Kedoshim: An Alternate Translation

This week’s alumni Dvar Torah is by Aliza Libman Baronofsky

א וַיְדַבֵּ֥ר ה’ אֶל־מֹשֶׁ֥ה לֵּאמֹֽר

ב דַּבֵּ֞ר אֶל־כָּל־עֲדַ֧ת בְּנֵי־יִשְׂרָאֵ֛ל וְאָמַרְתָּ֥ אֲלֵהֶ֖ם

קְדֹשִׁ֣ים תִּהְי֑וּ

כִּ֣י קָד֔וֹשׁ אֲנִ֖י ה’ אֱלֹהֵיכֶֽם׃

(1) The LORD spoke to Moses, saying:

(2) Speak to the whole Israelite community and say to them: You shall be kadosh, for I, the LORD your God, am kadosh.

This week’s parsha concerns itself with the concept of Kedusha, which has long been poorly defined and misunderstood by many. It is often translated as “holy,” including in the definition above from Sefaria, that I translated back to “kadosh.” To define kedusha requires further explanation. What is holiness? How do we identify it and how do we strive to achieve it? In proximity to p’rakim 18 (the end of the first of this double parsha) and 20 (the end of the second), we must ask also, in what way is kedusha similar to other aspirations of ours. In particular, purity (tahara) could be conflated with kedusha by juxtaposition (as Rashi does.) However, a close reading of the text creates room to suggest that these two concepts are distinct.

The first and most important clue that we have to build an understanding of the word “קדוש” is Hashem’s assertion that He is קדוש – thus, to be קדוש, we must emulate Him.

Our early commentators go in a different direction. As alluded above, Rashi says that to be kadosh, we must stay away from forbidden sexual relationships. He brings proof quotes from Vayikra 21 (i.e. not our parsha, but a later one) making the connection between sexual relationships and kedusha.

Another famous approach to this concept of Kedusha is Nachmanides’s assertion that “קְדֹשִׁ֣ים תִּהְי֑וּ” requires us to enjoy earthly pleasures in moderation. He specifically refers to food, wine and sexual relations, but uses the term “מעט” or “to minimize” when he refers to limiting one’s sexual relations and wine consumption: “ימעט במשגל” and “ויקדש עצמו מן היין במיעוטו”.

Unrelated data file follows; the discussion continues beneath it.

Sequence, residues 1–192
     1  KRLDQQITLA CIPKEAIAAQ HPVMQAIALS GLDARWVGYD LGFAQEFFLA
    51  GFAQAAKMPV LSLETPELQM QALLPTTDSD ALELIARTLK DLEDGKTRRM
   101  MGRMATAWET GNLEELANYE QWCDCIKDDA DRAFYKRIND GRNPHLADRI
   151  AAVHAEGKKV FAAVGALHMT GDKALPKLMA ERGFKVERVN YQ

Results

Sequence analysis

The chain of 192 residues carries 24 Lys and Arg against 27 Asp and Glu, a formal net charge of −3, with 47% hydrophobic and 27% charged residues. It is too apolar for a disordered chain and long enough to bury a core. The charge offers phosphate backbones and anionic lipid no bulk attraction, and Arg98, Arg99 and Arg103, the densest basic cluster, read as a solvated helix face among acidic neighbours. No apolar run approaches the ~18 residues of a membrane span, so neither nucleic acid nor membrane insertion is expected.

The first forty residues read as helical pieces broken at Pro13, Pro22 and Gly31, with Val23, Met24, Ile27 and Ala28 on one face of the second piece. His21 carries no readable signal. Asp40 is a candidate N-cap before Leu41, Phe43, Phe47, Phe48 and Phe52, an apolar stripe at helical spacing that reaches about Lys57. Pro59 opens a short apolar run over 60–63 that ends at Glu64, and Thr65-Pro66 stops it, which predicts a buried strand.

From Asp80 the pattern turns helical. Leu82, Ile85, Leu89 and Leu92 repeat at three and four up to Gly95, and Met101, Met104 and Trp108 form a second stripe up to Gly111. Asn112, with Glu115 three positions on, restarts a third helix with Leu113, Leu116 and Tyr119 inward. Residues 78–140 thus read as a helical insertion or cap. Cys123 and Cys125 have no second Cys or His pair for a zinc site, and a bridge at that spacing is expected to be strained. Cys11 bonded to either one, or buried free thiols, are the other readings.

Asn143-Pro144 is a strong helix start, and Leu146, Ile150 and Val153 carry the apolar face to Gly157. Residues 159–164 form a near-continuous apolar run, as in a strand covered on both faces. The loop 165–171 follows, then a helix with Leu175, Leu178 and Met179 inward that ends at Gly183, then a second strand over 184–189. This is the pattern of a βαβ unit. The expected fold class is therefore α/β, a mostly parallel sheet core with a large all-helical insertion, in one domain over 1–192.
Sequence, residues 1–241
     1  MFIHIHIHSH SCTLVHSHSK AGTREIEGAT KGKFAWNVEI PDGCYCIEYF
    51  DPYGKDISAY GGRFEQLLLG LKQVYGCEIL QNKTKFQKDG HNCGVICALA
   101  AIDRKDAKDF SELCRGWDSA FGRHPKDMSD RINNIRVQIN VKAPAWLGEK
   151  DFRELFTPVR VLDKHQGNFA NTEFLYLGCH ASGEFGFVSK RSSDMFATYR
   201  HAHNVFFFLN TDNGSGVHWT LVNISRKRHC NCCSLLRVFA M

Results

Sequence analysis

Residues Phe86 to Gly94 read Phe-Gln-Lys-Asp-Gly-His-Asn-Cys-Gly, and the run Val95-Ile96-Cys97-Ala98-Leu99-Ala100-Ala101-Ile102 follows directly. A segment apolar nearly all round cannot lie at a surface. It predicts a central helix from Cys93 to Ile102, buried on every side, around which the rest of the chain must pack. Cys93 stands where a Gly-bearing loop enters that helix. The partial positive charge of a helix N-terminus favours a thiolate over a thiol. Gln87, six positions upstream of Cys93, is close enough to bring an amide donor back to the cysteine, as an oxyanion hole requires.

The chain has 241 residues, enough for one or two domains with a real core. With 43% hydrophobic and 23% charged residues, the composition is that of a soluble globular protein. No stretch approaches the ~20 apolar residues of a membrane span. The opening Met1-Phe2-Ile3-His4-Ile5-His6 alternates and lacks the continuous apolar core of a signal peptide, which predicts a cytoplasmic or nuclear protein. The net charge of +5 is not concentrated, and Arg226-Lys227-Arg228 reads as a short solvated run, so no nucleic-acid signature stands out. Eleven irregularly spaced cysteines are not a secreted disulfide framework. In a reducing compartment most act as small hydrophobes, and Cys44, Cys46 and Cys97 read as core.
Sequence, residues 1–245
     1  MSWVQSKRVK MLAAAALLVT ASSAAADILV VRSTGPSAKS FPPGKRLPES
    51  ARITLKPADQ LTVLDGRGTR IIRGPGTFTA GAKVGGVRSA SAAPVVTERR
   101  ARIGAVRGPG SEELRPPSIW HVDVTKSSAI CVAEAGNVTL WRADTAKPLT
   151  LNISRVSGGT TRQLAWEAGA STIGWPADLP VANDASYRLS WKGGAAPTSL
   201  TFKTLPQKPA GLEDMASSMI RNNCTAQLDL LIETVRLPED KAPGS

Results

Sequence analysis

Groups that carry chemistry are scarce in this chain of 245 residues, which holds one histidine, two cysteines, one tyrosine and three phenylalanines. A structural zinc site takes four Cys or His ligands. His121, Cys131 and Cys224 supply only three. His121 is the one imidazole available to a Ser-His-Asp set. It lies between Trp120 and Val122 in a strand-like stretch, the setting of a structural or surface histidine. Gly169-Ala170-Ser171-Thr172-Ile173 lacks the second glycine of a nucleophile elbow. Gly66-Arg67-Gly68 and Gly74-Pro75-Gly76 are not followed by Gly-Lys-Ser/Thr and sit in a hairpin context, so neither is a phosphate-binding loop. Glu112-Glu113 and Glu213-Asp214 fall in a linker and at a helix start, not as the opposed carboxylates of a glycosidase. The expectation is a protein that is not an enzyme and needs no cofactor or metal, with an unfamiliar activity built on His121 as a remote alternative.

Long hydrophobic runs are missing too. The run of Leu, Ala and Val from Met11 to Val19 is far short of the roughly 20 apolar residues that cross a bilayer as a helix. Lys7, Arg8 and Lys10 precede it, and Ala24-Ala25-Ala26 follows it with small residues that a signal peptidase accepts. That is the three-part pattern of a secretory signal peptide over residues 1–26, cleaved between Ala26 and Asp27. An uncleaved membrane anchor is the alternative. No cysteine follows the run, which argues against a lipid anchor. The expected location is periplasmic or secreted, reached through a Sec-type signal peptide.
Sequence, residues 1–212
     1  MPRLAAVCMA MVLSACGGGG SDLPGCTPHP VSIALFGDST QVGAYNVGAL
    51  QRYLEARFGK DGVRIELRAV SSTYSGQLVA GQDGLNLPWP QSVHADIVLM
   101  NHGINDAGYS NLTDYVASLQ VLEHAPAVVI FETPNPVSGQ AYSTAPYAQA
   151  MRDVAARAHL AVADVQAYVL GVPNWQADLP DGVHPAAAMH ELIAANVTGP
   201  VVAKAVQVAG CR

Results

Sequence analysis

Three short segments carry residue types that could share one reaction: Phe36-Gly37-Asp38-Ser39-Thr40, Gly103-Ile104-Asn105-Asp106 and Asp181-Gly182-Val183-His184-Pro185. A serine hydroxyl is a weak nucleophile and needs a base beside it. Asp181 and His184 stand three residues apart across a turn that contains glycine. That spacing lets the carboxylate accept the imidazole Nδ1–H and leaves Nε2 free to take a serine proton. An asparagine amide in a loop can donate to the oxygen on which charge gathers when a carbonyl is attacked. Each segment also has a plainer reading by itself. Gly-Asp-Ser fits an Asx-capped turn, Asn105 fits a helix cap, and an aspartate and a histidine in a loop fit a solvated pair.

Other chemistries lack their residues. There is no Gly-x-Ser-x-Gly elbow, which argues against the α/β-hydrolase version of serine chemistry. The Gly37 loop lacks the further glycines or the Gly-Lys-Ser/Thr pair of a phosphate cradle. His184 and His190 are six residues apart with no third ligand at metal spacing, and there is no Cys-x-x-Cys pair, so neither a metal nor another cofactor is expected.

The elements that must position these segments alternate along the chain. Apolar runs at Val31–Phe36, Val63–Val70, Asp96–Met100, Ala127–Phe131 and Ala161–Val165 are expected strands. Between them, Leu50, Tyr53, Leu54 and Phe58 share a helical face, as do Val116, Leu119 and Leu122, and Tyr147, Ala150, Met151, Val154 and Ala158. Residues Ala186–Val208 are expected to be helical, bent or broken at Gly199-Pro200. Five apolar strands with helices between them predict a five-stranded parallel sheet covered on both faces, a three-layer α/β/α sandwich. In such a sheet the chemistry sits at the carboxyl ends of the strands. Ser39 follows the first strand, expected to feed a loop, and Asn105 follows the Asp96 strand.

While Ramban’s approach is reasonable and logical, it does not fit well with the opening line: קְדֹשִׁ֣ים תִּהְי֑וּ כִּ֣י קָד֔וֹשׁ אֲנִ֖י ה’ אֱלֹהֵיכֶֽם׃”.

God, a non-corporeal being, may wish for us to moderate our pursuit of physical pleasures, but since he does not pursue physical pleasures, in doing so, we are not emulating him directly.

Another difficulty with these approaches is that the pasuk seems to function as an introduction to perek 19, but their comments don’t reflect the content of the perek. (Most of it is not about physical pleasures.) It is hard to suggest that 19:1-2 are a conclusion to perek 18 – perek 19 starts both a new parsha as well as a new “וַיְדַבֵּ֥ר” statement, which indicates the text is not necessarily connected to the text that preceded it. Arguably, these commentaries could still believe that 19:1-2 are standalone verses or verses that reflect the content of the second half of perek 20. The simplest meaning of the text, however, would seem to suggest that these psukim are in fact an introduction to the whole perek, a motley collection of laws that we must understand in order to pursue the kedusha imperative.

Many have noticed that this perek bears extensive resemblance to the Aseret Ha’Dibrot – the Decalogue – and sought meaning from that repetition. Rashi and many of his predecessors believed that a text could only be repeated for very specific reasons; generally, it was to add extra details (as Rashi spells out in Deuteronomy 15:12 among other places.) The Decalogue connection was noted in Vayikra Rabbah 24:5, and is discussed extensively in Nehama Leibowitz’s “New Studies in Vayikra” (pp. 271-276), and in articles by Rabbi Menachem Leibtag (http://tanach.org/vayikra/kdosh/kdoshs1.htm) and Rav Yair Kahn. (“Be Holy, for I Hashem am Holy” from the Yeshivat Har Etzion Virtual Beit Midrash.) However, it remains that we must ask how the rest of the perek teaches us what it means to be kadosh.